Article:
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25,000+ concerts, 63 million fans and a whopping $1.2bn in secondary-market tickets alone are among the key takeaways from Live Nation's 2015 annual results
By Jon Chapple on 26 Feb 2016
It was a record-breaking 2015 for Live Nation (LN) as the concert giant posted its highest-ever annual revenue of US$7.6 billion – an increase of 11 per cent on the previous year – in its annual results yesterday (25 February).
Its adjusted operating income, at $616 million, was also up 11 per cent, with operating profit hitting a record $155.9m.
LA-based LN did, however, post an operating loss of $33.8 million in the fourth quarter of the year, blamed in part on foreign exchange factors.
Live Nation Concerts promoted over 25,000 shows globally – up 12 per cent from 2014 – and some of the biggest tours of 2015, including Taylor Swift, One Direction, Madonna, U2 and Fleetwood Mac. Attendance grew eight per cent to a record 63 million.
Significantly – and in good news for the live music market as a whole – 13 of LN’s 20 best-selling artists in 2015 were new compared to the previous year.
Despite increased competition in the ticketing sector, Live Nation-owned Ticketmaster also had a bumper year, shifting over 530 million tickets for a record 12 per cent growth. Much of that growth came from its secondary ticketing operations, represented by platforms such as TicketsNow and TicketsExchange in North America and Get Me In! in the UK, which experienced 34 per cent growth in gross transaction value (GTV) in 2015, to $1.2bn.
Revenue from Live Nation’s sponsorship and advertising business grew 17 per cent (and revenue per fan eight per cent) through high-profile partnerships with over 900 sponsors, including Coca-Cola, American Express and Pepsi.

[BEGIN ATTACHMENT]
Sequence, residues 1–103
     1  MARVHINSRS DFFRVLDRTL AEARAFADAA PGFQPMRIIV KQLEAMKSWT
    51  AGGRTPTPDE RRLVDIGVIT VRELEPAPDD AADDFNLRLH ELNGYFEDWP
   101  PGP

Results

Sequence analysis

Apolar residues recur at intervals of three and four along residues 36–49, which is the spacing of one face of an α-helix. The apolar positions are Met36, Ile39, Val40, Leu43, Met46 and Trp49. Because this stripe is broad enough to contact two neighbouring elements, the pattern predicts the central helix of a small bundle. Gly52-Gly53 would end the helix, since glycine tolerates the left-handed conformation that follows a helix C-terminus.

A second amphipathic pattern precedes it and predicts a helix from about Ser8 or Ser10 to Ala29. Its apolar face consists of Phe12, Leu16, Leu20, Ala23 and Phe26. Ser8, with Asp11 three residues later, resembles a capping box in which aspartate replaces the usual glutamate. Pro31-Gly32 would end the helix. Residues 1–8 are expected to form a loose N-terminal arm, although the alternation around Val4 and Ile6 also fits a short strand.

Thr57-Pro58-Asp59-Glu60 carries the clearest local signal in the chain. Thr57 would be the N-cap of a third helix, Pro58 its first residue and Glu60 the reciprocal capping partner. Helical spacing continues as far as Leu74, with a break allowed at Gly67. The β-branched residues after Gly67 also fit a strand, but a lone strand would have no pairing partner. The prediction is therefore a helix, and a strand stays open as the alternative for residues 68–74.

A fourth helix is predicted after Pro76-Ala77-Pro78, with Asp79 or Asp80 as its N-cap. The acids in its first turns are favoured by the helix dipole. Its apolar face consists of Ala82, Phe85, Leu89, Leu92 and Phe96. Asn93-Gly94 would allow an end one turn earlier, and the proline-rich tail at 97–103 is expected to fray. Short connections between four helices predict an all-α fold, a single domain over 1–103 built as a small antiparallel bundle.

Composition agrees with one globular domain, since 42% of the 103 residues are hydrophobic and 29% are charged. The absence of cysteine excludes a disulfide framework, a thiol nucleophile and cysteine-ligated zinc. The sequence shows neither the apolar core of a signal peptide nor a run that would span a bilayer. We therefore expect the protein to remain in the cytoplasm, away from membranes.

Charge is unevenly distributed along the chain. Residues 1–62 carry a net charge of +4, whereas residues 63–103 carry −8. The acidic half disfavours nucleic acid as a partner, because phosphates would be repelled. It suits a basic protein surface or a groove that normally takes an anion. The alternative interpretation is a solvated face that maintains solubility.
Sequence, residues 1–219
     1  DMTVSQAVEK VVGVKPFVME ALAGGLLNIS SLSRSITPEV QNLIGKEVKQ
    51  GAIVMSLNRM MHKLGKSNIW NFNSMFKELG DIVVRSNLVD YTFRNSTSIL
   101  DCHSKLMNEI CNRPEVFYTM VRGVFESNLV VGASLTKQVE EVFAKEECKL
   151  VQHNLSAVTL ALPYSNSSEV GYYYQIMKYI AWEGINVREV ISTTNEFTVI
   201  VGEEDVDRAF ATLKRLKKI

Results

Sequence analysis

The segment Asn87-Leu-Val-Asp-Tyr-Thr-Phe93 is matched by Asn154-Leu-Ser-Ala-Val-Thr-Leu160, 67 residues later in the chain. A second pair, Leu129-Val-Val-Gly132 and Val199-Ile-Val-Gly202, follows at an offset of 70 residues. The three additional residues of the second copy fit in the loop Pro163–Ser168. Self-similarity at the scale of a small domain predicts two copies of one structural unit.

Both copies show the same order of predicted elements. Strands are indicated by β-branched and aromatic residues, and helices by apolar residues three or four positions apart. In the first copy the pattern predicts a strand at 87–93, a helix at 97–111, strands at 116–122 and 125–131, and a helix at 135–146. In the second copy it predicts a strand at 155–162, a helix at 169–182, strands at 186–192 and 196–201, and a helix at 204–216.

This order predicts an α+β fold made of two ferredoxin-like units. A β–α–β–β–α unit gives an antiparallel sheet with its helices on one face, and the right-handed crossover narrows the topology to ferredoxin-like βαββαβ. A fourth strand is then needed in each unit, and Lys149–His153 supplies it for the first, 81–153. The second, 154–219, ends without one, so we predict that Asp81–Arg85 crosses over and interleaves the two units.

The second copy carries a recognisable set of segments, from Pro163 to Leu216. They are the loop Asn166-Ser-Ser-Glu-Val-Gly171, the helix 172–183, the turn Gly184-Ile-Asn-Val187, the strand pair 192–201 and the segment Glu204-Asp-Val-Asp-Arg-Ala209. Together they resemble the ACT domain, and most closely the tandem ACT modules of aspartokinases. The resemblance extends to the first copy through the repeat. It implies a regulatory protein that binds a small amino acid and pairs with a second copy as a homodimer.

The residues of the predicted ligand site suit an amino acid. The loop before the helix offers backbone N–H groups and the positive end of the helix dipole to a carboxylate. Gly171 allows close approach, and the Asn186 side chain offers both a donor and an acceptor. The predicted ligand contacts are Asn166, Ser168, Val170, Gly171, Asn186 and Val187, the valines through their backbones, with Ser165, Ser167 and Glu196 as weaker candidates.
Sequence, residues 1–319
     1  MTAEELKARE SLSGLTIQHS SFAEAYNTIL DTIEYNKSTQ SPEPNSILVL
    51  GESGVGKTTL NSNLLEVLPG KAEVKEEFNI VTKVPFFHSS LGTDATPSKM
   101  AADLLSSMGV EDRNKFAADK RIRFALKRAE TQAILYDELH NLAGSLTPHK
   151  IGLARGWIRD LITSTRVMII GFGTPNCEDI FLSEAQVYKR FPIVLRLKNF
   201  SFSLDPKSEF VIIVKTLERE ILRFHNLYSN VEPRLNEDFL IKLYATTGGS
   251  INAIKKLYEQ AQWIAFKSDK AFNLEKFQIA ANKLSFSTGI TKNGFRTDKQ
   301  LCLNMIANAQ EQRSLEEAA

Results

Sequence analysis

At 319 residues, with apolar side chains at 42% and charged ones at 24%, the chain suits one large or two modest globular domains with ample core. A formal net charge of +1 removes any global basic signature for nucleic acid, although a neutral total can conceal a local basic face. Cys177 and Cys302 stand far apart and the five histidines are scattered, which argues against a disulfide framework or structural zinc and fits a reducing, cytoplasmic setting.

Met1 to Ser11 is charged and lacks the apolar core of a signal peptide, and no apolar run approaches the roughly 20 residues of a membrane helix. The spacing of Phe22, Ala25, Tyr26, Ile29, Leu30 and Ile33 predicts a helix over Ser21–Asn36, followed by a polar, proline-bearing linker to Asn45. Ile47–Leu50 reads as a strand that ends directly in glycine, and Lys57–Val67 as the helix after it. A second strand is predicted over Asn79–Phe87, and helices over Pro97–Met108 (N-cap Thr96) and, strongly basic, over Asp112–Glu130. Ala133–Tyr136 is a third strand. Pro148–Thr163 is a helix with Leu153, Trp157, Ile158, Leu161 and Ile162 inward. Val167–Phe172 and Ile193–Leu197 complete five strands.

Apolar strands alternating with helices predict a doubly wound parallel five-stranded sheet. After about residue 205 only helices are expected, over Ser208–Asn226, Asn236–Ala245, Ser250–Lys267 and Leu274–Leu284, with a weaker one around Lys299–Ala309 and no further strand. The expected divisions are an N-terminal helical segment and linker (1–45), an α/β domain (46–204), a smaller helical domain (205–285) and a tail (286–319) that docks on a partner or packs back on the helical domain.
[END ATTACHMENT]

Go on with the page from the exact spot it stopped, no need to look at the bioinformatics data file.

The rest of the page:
CEO Michael Rapino says the results reflect “the tremendous power of live events, with strong global consumer demand”
In a letter to investors, LN CEO Michael Rapino says the results reflect “the tremendous power of live events, with strong global consumer demand”. He writes: “Live is a truly unique entertainment form – it cannot be duplicated. It is elevated, not threatened by technology, and is borderless. Fans around the world can now discover, follow, share and embrace artists, creating greater demand for live shows.
“We believe the live business sector will continue to have strong growth for years to come as fans globally drive demand, artists are motivated to tour and technology drives conversion.”
Looking ahead to 2016, Rapino says ticket sales are already up five per cent year-on-year, driven by 18 per cent growth in amphitheatres and 47 per cent growth in stadia. “We are confident we will again see strong growth in fan demand across our business this year,” he writes.
Alluding perhaps to recent acquisitions in South Africa (of promoter Big Concerts) and Canada (of Union Events’ festival portfolio), Rapino says Live Nation in 2016 plans to hold “more concerts for more fans in more countries than ever before”. It also expects to “sell more advertising, both onsite and online”, and “through continued product innovation at Ticketmaster” plans on selling “more tickets and driving increased conversion”.